Where the tanager's in the woods and the sparrow's in the grass
And the green frog twangs from the mirror-still pond.


Lovely! I'm blessed by your sharing of your "hallowed hour" (or two, or three, or four....).


Posted by Fritzann June 3, 2014 at 5:13 AM

Could use your advice !! My neighbor over-trimmed a shrubb outside his house,, exposing a very wary catbird on her nest. NOW she has virtually NO leaf or branch cover.Can I carefully lie branches over the nest without alarming her too much ??

Posted by trixie June 3, 2014 at 5:20 AM

what a lovely read this morning..thank you!

I envy your ability to hear all those varied bird songs -- and then identify them. Beyond my hearing ability so I rely more on my eyes. Your run sounds divine nonetheless.

Wow. There is so much there, all meaningful. Beautiful, baby. Thanks. Xom

Posted by Anonymous June 3, 2014 at 7:14 AM

This post brought me back to myself. And maybe it's time for a doggie stroller for Chet so you can do your 7 mile runs & not worry about him. Thanks as usual for sharing your love of the natural world outside your door.

Thanks guys. It is divine to live here and to love it so fiercely that coming inside feels like heresy.

Trixie, do anything you feel you need to to conceal that poor catbird's nest. She won't miss a beat. Catbirds are supersmart and understand when we are trying to help them. Good luck and thanks for caring.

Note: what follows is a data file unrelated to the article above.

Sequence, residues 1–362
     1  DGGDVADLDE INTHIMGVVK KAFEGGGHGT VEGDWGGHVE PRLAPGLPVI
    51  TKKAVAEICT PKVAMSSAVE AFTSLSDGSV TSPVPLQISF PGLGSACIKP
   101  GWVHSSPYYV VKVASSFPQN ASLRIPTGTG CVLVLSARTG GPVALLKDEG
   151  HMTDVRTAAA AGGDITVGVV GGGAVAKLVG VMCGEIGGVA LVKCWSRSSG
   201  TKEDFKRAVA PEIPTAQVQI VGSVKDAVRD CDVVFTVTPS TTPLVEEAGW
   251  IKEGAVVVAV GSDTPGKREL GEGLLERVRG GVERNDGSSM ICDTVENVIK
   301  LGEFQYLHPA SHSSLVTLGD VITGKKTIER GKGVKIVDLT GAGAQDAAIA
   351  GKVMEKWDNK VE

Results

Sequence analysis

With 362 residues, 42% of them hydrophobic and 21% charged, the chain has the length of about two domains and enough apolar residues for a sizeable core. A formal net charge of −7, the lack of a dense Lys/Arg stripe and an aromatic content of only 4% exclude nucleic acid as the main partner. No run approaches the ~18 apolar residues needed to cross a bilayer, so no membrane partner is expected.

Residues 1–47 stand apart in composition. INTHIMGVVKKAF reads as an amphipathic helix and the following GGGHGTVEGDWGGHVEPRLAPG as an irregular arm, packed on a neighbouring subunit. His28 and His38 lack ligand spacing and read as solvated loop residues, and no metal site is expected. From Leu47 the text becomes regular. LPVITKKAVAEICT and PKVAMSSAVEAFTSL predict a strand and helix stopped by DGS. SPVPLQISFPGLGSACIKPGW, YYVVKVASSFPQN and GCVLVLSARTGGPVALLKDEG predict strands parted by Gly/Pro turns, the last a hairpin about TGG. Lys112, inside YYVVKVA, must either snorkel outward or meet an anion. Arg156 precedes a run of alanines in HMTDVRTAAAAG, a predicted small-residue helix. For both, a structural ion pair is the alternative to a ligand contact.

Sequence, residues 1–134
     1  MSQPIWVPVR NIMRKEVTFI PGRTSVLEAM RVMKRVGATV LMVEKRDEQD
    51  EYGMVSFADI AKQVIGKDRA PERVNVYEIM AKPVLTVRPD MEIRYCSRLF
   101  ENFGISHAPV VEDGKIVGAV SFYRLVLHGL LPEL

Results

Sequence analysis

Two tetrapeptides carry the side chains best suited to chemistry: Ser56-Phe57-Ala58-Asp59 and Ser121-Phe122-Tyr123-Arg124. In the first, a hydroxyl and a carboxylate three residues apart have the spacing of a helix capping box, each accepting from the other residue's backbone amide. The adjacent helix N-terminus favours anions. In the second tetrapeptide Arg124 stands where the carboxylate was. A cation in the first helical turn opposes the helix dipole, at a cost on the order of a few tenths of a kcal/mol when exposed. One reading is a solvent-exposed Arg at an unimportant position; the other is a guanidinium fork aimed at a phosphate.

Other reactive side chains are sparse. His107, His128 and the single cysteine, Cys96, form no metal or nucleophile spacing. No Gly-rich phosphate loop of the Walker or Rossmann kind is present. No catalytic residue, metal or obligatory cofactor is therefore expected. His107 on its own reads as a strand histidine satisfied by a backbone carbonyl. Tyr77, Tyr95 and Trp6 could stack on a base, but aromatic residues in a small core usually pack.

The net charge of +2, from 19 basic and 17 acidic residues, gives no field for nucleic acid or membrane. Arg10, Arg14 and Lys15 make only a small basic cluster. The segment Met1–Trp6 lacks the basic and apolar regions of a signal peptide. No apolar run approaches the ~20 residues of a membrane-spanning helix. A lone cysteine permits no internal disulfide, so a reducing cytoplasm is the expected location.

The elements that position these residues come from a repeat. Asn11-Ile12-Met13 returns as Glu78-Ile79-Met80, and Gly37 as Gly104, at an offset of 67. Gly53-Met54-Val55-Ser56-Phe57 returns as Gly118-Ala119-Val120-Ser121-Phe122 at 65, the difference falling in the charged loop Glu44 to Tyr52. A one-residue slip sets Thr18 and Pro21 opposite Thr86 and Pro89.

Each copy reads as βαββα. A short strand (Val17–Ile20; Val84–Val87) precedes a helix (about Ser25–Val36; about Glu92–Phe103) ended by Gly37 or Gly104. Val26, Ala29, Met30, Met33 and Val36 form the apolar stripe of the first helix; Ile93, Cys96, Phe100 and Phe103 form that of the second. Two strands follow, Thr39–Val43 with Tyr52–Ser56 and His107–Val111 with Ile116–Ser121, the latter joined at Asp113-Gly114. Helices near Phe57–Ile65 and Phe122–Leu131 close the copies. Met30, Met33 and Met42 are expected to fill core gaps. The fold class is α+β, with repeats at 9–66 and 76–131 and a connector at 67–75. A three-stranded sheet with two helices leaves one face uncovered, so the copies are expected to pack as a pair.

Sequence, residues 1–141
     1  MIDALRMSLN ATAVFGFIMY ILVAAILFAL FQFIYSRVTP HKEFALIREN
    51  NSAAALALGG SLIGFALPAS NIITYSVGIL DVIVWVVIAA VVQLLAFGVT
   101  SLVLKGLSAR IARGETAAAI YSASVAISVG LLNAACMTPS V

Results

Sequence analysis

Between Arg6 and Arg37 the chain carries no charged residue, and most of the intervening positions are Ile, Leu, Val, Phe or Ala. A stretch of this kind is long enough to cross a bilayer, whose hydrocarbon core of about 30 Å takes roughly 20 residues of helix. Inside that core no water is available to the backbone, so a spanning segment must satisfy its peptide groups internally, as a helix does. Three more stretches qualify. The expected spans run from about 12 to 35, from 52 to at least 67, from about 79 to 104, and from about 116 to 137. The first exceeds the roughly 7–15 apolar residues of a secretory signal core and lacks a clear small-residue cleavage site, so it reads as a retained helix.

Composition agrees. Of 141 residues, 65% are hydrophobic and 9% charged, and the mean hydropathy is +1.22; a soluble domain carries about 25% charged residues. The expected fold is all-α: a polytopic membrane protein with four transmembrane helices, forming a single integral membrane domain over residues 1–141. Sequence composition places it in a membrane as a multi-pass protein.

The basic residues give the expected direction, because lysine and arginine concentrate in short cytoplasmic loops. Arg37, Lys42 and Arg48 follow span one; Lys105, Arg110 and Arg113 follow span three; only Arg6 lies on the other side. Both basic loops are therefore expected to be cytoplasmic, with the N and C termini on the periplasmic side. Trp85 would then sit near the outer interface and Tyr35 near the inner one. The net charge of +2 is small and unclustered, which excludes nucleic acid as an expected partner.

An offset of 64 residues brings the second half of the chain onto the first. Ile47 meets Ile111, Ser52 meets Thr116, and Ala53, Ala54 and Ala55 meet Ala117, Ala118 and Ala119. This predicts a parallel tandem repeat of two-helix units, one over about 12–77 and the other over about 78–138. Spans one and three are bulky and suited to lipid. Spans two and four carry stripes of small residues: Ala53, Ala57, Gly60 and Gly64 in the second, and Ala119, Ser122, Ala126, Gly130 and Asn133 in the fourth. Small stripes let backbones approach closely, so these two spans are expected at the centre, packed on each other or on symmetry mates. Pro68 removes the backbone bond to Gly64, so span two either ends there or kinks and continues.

Ah, your releasing run has my heart! In this season I, too, am surrounded by birdsong--most of them "the usual suspects"--but nevertheless, my fond companions in this season of planting and growing. Thanks for expressing the feeling so gracefully.

Posted by beaverbrook June 4, 2014 at 9:07 AM

It seems that the answers are out on the road, in being awake, aware, present, and connected to Life. I get how you could just keep running, listening, looking, smelling, feeling, being, reflecting and marveling at the beauty, the wonder, the mystery. Out on the road, it all makes sense.

hibiscus.... mine is still inside.... flower eaten most quickly by wildlife: gebera daisy.
those will neve go outside again either.

Chet- you have to carry him. It gives you a full body work out...or it breaks your arms, one or the other. :(

Lovely. Just completely lovely.

You just keep doing what you need to do, dear JZ.


Posted by KH Macomber June 5, 2014 at 7:15 PM

When I saw the last photo "In the Middle of Nowhere" by George Strait started playing in my head. You do live a great, beautiful gift every single day.